Environment setup is simple achieved by:
git clone git://github.com/serpentem/theoricus.git cd theoricus && make setup
Before anything else, start a named branch.
If you're making a hotfix to the current stable version ( branch master ) you should branch from master:
git checkout -b hotfix/view-rendering [...comits...] [pull request] ```` If you're working on a new feture you should branch from dev:
git checkout dev git checkout -b feature/new_feature_name [...comits...] [pull request]
Always isolate your implementations into separated branches, it'll make it easy for others to understand, easy to open pull requests, easy to merge, easy to discuss the proposal or adopted solution, easy, easy, easy, and so on. <a name="committing"/> ## Committing Try to not repeat yourself, *never* explain **what** you did -- it's easy to see with a simple DIFF therefore redundant. Instead, explains **WHY** you did it -- put into words the reasons that led you to implement something, expose the scenario, the studied cases, be solid. The more other people can understand your *reasons*, the more they can get together with your idea. <a name="pull-requests"/> ## Pull Requests Pull requests must to have two requirements: * 1) A **problem**, a **need**, an **improvement**, a **proposal**, etc. * 2) A **solution** for requirement #1. Ideally one pull request will point to a specific branch aiming to fix or implement something *specifically*. Never combine more than one *problem* or *solution* into one single branch or pull request. This way the noise is crucially reduced and things can be discussed clearly. Poorly specified pull requests are hard to understand, to diff and to merge. A good and very simple template message for new Pull Requests: Subject: [Short description of what you've done]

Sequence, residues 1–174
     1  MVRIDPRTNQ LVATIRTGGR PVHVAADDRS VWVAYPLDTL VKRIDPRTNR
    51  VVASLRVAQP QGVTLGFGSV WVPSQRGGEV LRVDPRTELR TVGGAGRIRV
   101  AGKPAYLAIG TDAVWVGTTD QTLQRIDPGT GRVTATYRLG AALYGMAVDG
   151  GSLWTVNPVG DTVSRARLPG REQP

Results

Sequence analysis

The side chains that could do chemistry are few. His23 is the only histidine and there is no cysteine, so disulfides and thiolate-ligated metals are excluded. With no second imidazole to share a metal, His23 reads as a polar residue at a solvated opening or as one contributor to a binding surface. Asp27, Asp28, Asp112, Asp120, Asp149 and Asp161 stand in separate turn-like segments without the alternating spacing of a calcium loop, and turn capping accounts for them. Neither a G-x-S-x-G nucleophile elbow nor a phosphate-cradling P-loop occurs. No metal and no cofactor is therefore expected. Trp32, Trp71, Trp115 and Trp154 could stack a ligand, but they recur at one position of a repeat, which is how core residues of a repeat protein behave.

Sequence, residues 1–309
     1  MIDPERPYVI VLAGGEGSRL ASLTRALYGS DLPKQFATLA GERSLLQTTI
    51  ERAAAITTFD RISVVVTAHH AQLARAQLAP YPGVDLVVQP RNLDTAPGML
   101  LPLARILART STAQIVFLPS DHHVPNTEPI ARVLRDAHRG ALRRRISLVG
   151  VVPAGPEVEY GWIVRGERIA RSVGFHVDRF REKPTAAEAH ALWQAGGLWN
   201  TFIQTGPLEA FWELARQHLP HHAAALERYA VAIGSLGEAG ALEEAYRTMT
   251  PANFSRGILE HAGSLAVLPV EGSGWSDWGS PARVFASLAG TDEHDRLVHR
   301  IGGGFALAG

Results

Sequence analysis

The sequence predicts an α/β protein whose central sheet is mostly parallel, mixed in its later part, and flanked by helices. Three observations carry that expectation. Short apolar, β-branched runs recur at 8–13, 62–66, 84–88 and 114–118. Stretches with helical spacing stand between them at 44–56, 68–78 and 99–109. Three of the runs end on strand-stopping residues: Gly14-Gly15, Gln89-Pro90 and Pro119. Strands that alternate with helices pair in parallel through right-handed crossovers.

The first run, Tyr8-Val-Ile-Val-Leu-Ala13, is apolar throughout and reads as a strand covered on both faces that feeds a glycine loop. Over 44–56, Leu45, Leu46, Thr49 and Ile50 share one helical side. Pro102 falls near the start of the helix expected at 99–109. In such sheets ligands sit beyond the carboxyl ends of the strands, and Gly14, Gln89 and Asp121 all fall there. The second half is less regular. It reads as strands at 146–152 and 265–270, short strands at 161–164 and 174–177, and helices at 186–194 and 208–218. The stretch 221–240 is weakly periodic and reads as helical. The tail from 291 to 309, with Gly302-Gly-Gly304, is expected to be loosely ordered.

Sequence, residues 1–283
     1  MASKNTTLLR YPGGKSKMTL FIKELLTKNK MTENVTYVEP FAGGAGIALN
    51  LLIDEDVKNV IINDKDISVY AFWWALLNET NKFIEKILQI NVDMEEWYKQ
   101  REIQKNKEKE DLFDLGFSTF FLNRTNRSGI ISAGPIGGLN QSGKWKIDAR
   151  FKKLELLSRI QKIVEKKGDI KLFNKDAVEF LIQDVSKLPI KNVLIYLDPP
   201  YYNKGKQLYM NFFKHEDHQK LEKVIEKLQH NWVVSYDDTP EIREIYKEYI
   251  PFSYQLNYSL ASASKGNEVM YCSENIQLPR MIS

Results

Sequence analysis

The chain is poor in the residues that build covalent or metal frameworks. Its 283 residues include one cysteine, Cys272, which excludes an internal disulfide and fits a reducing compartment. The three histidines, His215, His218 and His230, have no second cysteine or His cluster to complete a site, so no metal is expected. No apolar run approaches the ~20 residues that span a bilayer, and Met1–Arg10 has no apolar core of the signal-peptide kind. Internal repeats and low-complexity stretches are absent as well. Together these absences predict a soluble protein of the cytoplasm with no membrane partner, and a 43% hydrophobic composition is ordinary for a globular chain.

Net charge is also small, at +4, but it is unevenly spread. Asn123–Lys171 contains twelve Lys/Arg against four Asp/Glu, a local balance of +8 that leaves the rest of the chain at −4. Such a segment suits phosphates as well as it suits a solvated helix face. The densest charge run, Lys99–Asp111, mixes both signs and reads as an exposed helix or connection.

The [problem/feature/improvement/etc]: [...solid explanation of the issue...]
The solution: [...clearly explanation of the fix...]
Don't be shy, try to avoid short messages here as well in the commits. NOTE: To open a Pull Request please refer to the [Testing](#testing) section. <a name="building"/> ## Building Builds the release files inside the `lib` folder. ````bash make build
Starts watching in auto-compile mode.
There are two distinct documentatios:
- Theoricus (in browser code)
- Theoricus CLI (your command line lover)